Unusual Basketball Rules You Never Knew Existed

Basketball is one of the most beloved sports not just in the United States (where the game originated) but also in most parts of the world. This popular sport enjoys millions of followers and has also turned into lucrative cash cow, attracting throngs of advertisers and netting billions of dollars each year. Not to mention that basketball has produced several legendary names such as Michael Jordan, Magic Johnson, Larry Bird and Kareem Abdul-Jabbar as well as recent superstars like Kobe Bryant, Stephen Curry and LeBron James.

Fans of the sport may be familiar with how the game is being played and how the rules are implemented and enforced. But even the most devoted basketball fanatics may have not been aware of a few unusual rules which are unheard-of in usual basketball circles.

You may not believe it but these ridiculously strange rules, in fact, do exist! We will take a look at what are those weird and lesser-known basketball rules that may make you scratch your head:1. Ten-second violation in free throws

In National Basketball Association (NBA) rules, players are only allowed to have ten seconds in completing a free throw. It may be a no-brainer, but surprisingly, some players are having a hard time with it – even some NBA players such as Karl Malone.

2. No dunking during warm-ups

While you are allowed to take the fans’ breaths away with your flashy slam dunks, you are not otherwise allowed to dunk during a pre-game warm-up. It may sound weird, but this rule does exist. You may wonder why you are allowed to dunk during the game itself when you are not otherwise permitted to dunk before the game. What if you want to perfect your slam dunk style? This rule exists in several high school ball leagues.

3. Scoring at own team’s basket

This rule exists in International Basketball Federation (FIBA) and NBA leagues. According to this rule, scoring at your own basket instead of your opponents’ is considered illegal especially when it is done intentionally.

There’s actually an instance of this during an NBA game in November 2009. Literally running against time, New York Knicks player Nate Robinson had the bizarre decision to shoot at his own team’s basket. Even if he did swish a goal before the buzzer sounded, Robinson’s basket wasn’t counted, resulting to turnover against his team.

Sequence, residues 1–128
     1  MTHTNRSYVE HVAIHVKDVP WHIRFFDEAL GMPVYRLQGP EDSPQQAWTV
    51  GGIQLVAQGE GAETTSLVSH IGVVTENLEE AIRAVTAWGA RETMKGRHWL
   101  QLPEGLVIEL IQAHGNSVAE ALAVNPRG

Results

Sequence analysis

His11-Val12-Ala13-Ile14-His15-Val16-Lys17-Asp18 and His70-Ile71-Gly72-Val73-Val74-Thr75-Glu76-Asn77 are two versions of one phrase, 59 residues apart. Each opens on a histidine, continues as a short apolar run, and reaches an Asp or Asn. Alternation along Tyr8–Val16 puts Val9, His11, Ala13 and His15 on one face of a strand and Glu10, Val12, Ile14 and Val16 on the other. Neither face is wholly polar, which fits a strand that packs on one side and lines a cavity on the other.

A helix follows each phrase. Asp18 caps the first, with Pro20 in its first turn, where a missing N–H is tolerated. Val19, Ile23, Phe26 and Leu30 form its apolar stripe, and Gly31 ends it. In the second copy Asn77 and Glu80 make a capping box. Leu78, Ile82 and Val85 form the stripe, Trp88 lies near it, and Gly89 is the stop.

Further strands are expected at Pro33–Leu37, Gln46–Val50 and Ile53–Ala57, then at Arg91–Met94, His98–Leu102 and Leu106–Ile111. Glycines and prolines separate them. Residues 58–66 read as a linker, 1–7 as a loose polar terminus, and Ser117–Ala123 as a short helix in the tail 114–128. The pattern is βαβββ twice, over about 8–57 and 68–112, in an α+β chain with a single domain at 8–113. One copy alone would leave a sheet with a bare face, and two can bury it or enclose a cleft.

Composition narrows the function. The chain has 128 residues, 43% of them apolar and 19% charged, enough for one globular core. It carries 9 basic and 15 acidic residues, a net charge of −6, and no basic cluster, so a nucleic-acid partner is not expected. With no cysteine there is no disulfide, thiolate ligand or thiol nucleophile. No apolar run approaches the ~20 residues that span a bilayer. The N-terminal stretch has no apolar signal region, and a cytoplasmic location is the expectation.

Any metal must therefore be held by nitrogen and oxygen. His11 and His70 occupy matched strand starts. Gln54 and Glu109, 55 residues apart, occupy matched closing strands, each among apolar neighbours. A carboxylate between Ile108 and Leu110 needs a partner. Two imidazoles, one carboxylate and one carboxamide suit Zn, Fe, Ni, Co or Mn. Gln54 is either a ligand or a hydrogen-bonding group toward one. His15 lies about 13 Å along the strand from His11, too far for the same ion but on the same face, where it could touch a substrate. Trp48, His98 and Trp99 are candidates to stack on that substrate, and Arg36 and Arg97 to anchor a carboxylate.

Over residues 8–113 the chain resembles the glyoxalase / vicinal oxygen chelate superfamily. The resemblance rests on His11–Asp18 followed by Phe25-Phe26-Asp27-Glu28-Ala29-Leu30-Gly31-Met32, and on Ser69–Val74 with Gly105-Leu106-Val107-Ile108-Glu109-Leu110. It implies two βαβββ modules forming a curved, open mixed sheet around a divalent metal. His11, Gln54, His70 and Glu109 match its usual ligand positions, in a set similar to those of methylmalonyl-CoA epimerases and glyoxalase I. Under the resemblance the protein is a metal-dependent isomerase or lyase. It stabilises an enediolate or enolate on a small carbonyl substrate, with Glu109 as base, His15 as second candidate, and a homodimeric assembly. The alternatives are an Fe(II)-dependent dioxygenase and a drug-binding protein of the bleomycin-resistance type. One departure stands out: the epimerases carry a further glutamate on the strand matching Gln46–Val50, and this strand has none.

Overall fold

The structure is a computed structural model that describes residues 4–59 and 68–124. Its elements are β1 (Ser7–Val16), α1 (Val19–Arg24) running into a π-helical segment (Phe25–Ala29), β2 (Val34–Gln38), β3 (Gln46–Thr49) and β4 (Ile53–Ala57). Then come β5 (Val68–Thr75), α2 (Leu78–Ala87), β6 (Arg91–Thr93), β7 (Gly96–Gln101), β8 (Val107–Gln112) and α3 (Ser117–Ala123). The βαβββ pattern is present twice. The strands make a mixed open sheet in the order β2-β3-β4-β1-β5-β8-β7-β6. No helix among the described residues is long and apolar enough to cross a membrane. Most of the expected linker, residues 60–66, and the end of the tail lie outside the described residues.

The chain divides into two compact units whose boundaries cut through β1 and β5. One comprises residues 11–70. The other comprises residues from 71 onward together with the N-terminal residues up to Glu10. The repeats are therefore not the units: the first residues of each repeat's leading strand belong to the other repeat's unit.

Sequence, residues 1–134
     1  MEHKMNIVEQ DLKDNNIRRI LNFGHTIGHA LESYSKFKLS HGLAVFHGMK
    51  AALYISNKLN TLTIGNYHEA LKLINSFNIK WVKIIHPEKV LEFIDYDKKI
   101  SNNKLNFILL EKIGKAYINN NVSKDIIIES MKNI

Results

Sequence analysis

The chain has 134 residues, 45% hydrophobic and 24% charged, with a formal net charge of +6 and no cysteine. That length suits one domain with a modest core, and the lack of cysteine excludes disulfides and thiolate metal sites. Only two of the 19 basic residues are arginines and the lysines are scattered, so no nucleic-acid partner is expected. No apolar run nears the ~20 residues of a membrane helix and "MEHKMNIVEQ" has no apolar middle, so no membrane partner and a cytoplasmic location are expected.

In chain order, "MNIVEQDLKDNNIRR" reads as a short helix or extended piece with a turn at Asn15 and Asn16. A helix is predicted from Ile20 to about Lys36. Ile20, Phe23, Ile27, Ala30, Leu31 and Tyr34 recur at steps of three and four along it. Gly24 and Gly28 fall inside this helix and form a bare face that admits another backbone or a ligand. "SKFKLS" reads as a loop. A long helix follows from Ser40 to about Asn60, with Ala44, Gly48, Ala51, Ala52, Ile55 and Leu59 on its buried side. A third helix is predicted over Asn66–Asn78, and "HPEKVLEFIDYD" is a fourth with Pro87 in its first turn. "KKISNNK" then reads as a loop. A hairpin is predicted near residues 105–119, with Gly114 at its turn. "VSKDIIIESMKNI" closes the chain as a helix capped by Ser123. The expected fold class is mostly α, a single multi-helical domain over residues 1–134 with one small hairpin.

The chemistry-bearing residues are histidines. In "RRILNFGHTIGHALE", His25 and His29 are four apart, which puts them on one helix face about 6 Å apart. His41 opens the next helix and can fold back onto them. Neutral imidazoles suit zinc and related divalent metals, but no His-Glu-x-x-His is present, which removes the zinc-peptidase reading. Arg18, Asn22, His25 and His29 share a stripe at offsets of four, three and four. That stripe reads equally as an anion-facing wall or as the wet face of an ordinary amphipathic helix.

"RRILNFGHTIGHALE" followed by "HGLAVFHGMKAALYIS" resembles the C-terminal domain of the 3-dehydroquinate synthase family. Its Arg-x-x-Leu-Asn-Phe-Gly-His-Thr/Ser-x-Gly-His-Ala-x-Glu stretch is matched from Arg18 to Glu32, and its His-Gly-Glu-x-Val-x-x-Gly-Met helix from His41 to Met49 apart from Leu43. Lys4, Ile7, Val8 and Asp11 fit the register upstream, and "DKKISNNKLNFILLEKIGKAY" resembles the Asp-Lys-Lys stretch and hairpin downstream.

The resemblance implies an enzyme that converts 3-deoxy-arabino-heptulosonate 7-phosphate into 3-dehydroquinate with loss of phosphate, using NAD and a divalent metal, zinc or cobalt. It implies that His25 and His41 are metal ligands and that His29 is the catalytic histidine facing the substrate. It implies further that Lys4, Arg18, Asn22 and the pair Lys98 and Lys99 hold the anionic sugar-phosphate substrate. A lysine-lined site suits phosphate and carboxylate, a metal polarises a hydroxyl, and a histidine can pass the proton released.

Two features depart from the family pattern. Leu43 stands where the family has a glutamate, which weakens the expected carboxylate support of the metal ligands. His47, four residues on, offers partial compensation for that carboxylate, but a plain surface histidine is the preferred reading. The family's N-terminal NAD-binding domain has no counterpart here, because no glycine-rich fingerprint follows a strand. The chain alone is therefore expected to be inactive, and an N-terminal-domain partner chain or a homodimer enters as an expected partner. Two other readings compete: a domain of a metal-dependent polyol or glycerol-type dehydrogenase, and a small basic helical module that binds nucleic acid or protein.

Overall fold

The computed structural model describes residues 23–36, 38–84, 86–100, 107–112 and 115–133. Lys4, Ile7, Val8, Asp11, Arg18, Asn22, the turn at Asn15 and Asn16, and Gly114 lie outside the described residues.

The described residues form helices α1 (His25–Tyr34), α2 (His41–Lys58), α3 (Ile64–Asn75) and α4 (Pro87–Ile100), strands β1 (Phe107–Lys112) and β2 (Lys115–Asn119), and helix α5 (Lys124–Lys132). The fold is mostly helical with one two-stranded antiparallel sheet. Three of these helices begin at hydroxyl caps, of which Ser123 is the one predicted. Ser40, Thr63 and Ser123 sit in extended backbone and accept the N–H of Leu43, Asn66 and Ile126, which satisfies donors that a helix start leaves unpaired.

4. Staying in the game even after being fouled out

What happens if a team cannot have all five players on the court either because of injury or ejection? The solution: send any fouled-out player to the game! But there’s a big catch – when that player commits a subsequent personal foul, that shall be now considered a technical foul (which usually awards the opposing team a free throw).

It means that if the already fouled-out player re-enters the game and goes on to commit eight personal fouls, then his team would also have to be penalized for three technical fouls – each for the sixth, seventh and eighth personal fouls. This bizarre rule exists in the NBA.

It’s otherwise different in high school and college basketball. When a player commits a maximum of five personal fouls, he will be thrown out of the game. This leaves his lineup reduced to four players on the court.

5. A technical foul for breaking the backboard

Backboard shattering is very dangerous because it sends shards of glass that fly over the other players as well as spectators. Although backboards have been considerably improved over the years, unfortunately a few instances of backboard shattering still happen. In an NBA game during the early 1990s, Shaquille O’Neal did a slam dunk with too much force that he did not only shatter the glass, he also destroyed the structures that supported the backboard.